Funny People, the new film from Judd Apatow, delivers on its title in spades. On top of a central cast including Adam Sandler, Seth Rogen, Jason Schwartzman, Jonah Hill and Leslie Mann, it's dense with cameos by everyone from Sarah Silverman to Ray Romano. Even Aziz Ansari's bad stand-up comic is funny offstage and James Taylor gets a dick joke of his very own.

Funny People, the new film from Judd Apatow, delivers on its title in spades. On top of a central cast including Adam Sandler, Seth Rogen, Jason Schwartzman, Jonah Hill and Leslie Mann, it's dense with cameos by everyone from Sarah Silverman to Ray Romano. Even Aziz Ansari's bad stand-up comic is funny offstage and James Taylor gets a dick joke of his very own.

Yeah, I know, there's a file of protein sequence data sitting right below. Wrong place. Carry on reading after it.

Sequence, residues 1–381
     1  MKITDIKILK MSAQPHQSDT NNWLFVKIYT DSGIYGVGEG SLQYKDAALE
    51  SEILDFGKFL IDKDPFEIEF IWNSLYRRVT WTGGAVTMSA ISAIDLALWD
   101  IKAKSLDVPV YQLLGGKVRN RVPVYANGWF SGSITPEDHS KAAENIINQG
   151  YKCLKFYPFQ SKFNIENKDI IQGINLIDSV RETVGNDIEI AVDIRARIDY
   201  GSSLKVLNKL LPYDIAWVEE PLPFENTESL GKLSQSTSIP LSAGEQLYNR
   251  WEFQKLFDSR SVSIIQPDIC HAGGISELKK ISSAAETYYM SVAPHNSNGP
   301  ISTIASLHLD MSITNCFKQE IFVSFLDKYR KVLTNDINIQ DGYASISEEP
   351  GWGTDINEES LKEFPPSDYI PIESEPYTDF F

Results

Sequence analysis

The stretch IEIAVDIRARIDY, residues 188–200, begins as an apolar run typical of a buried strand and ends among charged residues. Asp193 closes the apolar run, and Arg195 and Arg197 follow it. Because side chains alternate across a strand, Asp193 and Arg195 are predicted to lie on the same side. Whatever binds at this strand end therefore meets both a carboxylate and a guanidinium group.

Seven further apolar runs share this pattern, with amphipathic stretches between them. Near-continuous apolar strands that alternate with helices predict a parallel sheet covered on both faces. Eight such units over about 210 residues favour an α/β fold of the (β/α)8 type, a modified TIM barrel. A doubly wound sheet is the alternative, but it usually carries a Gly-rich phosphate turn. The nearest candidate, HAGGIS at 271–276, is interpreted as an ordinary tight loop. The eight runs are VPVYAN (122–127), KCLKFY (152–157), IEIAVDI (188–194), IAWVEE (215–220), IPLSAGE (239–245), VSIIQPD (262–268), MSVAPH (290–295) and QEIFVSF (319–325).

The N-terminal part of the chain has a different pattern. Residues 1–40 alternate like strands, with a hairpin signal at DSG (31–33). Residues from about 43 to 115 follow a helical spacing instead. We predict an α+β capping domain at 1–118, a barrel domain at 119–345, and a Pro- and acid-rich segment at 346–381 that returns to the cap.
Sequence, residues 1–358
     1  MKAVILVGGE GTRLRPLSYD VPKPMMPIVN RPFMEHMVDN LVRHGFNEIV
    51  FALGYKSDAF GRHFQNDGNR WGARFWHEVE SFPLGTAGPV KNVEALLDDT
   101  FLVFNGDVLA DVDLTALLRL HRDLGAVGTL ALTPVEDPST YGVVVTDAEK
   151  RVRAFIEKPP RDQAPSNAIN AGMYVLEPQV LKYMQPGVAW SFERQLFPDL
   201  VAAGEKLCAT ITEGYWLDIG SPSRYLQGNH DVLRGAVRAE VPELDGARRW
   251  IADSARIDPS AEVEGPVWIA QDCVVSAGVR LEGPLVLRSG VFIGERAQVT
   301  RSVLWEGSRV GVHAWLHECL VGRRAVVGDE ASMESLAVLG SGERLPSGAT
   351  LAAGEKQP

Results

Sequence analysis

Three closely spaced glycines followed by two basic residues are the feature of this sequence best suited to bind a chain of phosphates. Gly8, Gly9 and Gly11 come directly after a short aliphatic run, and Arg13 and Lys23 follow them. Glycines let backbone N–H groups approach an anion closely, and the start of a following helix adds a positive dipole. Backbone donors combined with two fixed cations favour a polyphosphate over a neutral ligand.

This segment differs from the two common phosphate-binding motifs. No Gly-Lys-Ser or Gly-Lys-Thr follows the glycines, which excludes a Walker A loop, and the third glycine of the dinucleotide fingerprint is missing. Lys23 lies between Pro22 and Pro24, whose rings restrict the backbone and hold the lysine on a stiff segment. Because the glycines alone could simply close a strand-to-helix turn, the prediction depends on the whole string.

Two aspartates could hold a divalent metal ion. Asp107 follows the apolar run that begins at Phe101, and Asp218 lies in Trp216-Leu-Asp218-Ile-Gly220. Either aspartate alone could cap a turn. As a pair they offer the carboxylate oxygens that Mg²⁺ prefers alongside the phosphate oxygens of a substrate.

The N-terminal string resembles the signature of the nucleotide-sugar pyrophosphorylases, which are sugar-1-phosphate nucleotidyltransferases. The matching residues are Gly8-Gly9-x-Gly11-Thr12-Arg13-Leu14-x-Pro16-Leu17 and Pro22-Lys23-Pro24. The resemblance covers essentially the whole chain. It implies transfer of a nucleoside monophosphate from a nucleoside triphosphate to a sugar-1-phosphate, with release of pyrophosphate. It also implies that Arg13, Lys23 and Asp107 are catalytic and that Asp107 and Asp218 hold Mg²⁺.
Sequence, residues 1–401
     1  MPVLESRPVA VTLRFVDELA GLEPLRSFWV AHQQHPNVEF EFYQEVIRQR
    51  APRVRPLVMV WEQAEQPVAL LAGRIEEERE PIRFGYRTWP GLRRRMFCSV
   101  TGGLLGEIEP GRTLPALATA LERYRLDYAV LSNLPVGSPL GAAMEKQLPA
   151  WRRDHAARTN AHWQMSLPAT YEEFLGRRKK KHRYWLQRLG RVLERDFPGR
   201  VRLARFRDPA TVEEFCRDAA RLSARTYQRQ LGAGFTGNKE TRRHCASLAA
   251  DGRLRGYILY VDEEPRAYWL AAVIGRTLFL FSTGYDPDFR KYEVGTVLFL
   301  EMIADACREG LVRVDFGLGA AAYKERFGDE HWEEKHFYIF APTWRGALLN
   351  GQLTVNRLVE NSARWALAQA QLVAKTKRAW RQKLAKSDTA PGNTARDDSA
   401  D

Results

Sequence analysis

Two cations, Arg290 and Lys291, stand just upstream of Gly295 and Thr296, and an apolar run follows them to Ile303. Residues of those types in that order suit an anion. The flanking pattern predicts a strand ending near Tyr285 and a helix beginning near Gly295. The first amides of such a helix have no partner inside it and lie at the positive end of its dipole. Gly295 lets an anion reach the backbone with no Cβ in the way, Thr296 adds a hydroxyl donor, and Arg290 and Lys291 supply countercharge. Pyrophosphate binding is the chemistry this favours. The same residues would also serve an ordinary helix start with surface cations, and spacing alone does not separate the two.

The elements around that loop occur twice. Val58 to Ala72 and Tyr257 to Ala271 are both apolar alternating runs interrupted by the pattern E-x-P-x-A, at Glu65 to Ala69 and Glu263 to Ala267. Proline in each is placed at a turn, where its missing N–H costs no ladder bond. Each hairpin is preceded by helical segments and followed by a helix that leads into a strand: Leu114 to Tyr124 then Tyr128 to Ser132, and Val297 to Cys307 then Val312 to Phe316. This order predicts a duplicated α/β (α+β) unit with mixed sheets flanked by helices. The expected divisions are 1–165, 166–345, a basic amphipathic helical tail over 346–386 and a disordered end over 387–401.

Sandler plays George Simmons, a comic whose rise from stand-up to movie star parallels Sandler's own career. George is loved by fans but alone in his mansion, so when he's diagnosed with a fatal blood disease, he hires a young comedian who reveres him, Rogen's Ira, to provide jokes and company.

The prickly relationship many comics have with the world and each other provides room for some hilariously nasty riffs between performers, also a showcase for another exceptional turn from Sandler. George may be likeable, but he's not necessarily a nice guy, and Sandler has an innate facility for his quickly shifting moods.

As a whole, however, there's just too much going on here. A handful of subplots aren't developed strongly enough to warrant their addition to the movie's two-hour-plus running time, and by the time you see a lengthy video of Apatow and Mann's own daughter (playing Mann's daughter) in a school talent show, the filmmaker's ambitions start to feel less inspired and more indulgent.